Friday 1 July 2022 02:21 PM Scientists find plastic in the droppings of British wildlife trends now
Some of Britain's most treasured wildlife, including hedgehogs, voles and wood mice, are ingesting plastic particles, a new study shows.
Researchers have sampled more than 200 droppings from seven wildlife species in England and Wales, with help from the public.
They identified plastic polymers in four out of the seven species – European hedgehog, wood mouse, field vole and brown rat.
Some particles were microplastics (plastic less than 0.2 of an inch in diameter) while others were microfibres (synthetic fibres with a diameter under 0.0004 of an inch).
Researchers investigating the exposure of small mammals to plastics in England and Wales have found traces in the feces of more than half of the species examined. The species with the most ingested plastic ingested was the European hedgehog (Erinaceus europaeus, pictured)
Images of plastic polymer fragments taken from the wildlife samples - A) protein A helix film, B) polyethylene, C) polyethylene, D) polypropylene, E) polyester, F) polynorbornene
- European hedgehog
- Wood mouse
- Field vole
- Brown rat
No plastic was found in the other three species:
- Bank vole
- Pygmy shrew
The species with the most ingested plastic was the European hedgehog (Erinaceus europaeus), the experts found.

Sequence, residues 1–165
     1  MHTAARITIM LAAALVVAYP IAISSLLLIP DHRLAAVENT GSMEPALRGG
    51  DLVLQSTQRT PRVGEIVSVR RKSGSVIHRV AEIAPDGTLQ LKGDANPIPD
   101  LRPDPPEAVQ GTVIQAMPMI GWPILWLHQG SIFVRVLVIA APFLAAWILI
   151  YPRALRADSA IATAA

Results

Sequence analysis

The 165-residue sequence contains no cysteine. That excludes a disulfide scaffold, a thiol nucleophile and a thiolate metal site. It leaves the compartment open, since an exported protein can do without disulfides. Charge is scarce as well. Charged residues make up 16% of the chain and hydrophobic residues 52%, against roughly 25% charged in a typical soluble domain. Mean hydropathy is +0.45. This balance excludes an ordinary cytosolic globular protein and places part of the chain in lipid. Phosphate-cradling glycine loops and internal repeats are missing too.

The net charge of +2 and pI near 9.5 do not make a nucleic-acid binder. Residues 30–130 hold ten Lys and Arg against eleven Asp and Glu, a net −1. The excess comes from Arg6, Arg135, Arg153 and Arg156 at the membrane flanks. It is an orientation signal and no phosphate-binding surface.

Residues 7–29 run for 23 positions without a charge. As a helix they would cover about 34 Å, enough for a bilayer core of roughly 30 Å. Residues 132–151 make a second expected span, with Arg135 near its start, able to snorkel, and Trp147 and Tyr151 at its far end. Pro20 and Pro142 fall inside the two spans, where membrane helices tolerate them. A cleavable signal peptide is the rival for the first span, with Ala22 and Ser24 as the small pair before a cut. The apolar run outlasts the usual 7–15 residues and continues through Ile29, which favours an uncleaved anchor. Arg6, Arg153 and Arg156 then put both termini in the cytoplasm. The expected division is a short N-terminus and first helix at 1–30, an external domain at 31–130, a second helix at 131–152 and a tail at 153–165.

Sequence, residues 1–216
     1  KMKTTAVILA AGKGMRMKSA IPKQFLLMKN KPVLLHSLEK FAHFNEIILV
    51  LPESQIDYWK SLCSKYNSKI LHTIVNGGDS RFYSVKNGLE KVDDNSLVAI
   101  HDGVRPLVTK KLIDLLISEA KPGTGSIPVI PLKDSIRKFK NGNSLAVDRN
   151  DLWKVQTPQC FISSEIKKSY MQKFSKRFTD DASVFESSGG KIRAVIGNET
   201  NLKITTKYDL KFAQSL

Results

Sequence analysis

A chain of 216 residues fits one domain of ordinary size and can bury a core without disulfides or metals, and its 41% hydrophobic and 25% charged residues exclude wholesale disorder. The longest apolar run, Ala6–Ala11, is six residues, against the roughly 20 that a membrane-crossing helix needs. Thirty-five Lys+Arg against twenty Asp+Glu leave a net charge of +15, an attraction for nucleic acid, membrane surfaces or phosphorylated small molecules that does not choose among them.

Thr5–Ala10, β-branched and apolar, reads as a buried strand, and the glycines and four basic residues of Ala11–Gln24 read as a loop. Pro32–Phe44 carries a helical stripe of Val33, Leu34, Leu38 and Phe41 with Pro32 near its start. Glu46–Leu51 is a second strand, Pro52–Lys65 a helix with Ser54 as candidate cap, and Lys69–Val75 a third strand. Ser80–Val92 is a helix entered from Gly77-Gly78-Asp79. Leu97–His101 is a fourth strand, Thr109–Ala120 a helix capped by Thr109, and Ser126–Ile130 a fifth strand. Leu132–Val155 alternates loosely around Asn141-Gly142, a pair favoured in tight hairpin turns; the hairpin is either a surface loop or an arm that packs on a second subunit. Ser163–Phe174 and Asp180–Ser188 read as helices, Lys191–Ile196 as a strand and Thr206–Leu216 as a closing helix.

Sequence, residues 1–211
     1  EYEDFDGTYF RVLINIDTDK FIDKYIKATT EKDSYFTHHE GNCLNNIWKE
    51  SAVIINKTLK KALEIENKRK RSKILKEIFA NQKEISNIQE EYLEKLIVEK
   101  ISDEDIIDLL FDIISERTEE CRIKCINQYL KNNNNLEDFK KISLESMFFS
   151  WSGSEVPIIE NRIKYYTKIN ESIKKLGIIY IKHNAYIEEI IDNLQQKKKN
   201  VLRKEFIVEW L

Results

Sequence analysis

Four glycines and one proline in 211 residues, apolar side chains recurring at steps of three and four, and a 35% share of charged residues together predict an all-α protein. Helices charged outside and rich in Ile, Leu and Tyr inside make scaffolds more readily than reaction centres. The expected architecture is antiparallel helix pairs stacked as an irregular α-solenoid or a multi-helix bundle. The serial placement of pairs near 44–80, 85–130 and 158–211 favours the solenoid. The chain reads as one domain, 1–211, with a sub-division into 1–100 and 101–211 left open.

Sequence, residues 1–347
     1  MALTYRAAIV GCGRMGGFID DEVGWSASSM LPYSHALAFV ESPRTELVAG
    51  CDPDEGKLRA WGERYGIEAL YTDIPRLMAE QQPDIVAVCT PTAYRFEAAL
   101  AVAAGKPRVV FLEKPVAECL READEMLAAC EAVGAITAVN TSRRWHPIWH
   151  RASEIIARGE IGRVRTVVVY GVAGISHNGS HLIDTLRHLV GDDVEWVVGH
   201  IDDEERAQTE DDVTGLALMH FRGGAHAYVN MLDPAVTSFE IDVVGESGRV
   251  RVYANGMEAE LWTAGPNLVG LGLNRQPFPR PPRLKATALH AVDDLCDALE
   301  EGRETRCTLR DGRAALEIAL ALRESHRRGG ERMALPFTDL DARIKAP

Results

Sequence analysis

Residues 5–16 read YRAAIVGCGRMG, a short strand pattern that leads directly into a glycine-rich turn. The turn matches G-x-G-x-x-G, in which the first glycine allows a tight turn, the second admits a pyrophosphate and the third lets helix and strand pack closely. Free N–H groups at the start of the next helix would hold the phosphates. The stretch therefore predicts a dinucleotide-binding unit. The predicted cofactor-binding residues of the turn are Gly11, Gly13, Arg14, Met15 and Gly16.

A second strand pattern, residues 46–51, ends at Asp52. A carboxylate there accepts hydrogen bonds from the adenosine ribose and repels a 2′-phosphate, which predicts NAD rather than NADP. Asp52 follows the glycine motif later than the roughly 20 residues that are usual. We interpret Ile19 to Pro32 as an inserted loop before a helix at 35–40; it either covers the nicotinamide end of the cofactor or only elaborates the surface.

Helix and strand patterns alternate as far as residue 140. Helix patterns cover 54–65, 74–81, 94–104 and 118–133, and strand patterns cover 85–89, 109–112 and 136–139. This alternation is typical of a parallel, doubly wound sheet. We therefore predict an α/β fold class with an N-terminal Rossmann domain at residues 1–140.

Unfortunately, this species is already in decline in the UK for reasons that are largely unknown, and are classified as 'vulnerable to extinction' on the IUCN Red List.
But how exactly the plastic particles reach the creatures and their impact on their health is largely unknown.
The study was conducted by experts at University of Sussex, the Mammal Society and the University of Exeter and is published in Science of the Total Environment.
‘European hedgehogs consume earthworms and previous studies have found these to contain microplastics,' said study author Professor Fiona Mathews at the University of Sussex.
'So we really need further research to establish the scale and route of exposure more precisely, and to assess prevalence in predatory species that consume small mammals, so that we can take adequate steps to try to protect our declining wildlife from plastics.'
For the study, researchers and volunteers used humane traps to catch wildlife in England and Wales, and collected 261 faecal samples.
The samples represented seven species – the European hedgehog, wood mouse, field vole, brown rat, rabbit, bank vole and pygmy shrew.
Graphical abstract shows the affected species who tested 'plastic positive' - the European hedgehog, wood mouse, field vole and brown rat
To find plastic in the samples, researchers used infrared microscopy in the lab, which transmits infrared wavelengths of light to penetrate a sample.
Microfibres are microscopic particles that come loose from textiles and clothing, thinner than a human hair and invisible to the naked eye.
They come from natural fabrics, such as cotton, or synthetic ones, such as polyester - which are also considered to be microplastics.
'Fast fashion' plays a big role in microfibre pollution of airways and waterways.
In all, 43 of the samples (16.5 per cent) were found to be 'plastic positive'.
Of the 43 plastic-positive faecal samples, 36 were from the European hedgehog, four were from the wood mouse, two